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What is the difference between a hurricane, a cyclone, and a typhoon?

The only difference between a hurricane, a cyclone, and a typhoon is the location where the storm occurs.

A close-up satellite image of Hurricane Isabel taken on Sept. 15, 2003.

A close-up satellite image of Hurricane Isabel taken on Sept. 15, 2003. The National Ocean Service helps coastal communities prepare for and recover from major coastal storms such as hurricanes.

Hurricanes, cyclones, and typhoons are all the same weather phenomenon; we just use different names for these storms in different places. In the Atlantic and Northeast Pacific, the term “hurricane” is used. The same type of disturbance in the Northwest Pacific is called a “typhoon” and “cyclones” occur in the South Pacific and Indian Ocean.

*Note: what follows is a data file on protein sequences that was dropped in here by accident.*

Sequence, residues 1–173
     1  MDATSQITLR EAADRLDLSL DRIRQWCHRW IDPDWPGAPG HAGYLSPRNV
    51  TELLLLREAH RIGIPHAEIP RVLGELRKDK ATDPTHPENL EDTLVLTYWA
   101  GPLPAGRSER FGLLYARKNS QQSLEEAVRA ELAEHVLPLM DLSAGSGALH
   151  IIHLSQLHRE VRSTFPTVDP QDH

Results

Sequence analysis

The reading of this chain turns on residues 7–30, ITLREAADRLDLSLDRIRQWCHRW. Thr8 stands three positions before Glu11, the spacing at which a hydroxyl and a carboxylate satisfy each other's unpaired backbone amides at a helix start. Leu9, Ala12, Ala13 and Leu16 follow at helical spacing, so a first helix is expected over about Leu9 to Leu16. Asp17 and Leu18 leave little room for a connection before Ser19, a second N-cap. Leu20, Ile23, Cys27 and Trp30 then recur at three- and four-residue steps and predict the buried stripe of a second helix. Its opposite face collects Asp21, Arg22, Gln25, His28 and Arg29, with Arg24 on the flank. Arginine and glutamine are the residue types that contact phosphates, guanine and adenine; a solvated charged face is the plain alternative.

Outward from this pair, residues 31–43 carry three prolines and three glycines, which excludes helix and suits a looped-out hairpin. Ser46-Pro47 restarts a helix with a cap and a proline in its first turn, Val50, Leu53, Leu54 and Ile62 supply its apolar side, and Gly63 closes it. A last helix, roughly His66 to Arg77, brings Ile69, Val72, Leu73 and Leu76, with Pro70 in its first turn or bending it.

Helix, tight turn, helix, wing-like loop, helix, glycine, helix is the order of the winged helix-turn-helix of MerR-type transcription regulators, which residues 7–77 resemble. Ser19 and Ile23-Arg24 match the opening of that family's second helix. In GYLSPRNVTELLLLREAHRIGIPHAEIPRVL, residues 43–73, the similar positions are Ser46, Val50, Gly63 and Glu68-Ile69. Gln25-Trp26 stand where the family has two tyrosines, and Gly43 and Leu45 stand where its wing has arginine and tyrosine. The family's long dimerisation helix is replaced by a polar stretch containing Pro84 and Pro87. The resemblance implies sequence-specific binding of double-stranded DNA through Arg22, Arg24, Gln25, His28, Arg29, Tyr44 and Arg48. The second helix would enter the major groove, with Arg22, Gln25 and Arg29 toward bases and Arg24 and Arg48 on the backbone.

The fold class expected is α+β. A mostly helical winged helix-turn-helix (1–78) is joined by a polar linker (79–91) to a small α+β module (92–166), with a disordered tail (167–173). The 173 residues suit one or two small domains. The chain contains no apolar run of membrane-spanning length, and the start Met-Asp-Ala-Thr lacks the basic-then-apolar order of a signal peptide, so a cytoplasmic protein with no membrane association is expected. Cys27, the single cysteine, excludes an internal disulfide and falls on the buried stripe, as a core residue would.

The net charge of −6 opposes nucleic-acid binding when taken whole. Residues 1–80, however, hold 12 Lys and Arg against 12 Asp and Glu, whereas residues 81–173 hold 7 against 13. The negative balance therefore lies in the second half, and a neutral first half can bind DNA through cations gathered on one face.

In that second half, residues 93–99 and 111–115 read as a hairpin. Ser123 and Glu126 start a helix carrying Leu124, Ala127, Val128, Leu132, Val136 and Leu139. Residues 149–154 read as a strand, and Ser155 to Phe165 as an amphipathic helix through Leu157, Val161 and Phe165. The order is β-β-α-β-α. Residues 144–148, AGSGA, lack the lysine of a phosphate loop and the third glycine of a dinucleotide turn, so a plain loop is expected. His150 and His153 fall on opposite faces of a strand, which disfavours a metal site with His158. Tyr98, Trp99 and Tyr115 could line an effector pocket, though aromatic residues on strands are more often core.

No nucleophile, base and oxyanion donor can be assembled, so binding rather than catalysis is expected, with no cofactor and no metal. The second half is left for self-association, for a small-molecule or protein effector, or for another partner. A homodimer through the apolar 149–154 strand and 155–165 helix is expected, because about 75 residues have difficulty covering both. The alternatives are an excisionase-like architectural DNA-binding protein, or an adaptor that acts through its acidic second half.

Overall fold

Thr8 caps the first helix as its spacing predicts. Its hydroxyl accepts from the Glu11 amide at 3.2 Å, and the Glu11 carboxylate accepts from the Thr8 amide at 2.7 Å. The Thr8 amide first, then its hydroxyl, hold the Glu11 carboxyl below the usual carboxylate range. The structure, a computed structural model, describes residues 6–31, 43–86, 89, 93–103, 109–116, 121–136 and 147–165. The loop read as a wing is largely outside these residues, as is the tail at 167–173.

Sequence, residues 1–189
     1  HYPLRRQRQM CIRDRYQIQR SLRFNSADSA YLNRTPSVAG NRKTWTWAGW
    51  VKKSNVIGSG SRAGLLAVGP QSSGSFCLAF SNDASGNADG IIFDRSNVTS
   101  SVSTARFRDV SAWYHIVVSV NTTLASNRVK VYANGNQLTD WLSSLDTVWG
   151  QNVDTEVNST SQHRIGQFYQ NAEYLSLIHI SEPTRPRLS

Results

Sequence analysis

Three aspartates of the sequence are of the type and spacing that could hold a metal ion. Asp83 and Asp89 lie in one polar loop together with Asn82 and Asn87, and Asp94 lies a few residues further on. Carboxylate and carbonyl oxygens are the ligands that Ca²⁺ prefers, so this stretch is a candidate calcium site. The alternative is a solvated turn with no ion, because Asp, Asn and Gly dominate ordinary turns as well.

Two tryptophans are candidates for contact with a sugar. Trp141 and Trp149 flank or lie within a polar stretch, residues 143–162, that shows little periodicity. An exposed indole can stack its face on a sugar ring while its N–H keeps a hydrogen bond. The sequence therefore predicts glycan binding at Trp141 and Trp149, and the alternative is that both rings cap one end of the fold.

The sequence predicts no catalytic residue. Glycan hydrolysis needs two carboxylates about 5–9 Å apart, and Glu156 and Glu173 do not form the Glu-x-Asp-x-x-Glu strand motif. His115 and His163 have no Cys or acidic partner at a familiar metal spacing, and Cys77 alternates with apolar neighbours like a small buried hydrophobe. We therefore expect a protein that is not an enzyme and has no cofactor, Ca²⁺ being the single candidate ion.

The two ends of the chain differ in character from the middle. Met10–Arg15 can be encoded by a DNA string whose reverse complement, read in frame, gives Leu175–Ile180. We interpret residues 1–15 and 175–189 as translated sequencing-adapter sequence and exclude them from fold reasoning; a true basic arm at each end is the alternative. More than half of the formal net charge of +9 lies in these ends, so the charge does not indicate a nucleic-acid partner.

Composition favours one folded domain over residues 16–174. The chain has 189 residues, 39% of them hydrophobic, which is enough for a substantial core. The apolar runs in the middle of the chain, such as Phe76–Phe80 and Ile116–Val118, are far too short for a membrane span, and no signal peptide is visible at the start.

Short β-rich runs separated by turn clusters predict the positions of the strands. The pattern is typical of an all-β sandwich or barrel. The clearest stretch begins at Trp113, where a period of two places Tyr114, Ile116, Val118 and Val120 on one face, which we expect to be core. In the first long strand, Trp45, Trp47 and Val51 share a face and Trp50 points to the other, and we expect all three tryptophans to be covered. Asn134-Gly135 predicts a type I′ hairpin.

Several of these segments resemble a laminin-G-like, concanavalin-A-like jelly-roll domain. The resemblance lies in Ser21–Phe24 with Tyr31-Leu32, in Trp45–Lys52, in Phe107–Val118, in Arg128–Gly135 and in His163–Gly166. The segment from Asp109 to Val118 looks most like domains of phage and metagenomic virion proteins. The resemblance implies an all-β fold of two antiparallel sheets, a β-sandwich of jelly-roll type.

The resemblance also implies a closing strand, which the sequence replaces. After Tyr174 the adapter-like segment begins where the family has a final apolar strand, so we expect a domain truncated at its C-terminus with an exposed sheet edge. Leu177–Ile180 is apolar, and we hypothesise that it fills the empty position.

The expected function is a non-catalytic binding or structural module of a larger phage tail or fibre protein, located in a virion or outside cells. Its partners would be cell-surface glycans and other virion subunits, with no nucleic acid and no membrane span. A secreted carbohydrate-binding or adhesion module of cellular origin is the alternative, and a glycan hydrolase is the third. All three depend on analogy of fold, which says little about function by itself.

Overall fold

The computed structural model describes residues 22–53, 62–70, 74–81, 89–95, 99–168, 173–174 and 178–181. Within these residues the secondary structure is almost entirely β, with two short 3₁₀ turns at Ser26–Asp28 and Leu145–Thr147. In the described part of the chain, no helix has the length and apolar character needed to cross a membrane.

The ingredients for these storms include a pre-existing weather disturbance, warm tropical oceans, moisture, and relatively light winds. If the right conditions persist long enough, they can combine to produce the violent winds, incredible waves, torrential rains, and floods we associate with this phenomenon.

In the Atlantic, hurricane season officially runs June 1 to November 30. However, while 97 percent of tropical activity occurs during this time period, there is nothing magical in these dates, and hurricanes have occurred outside of these six months.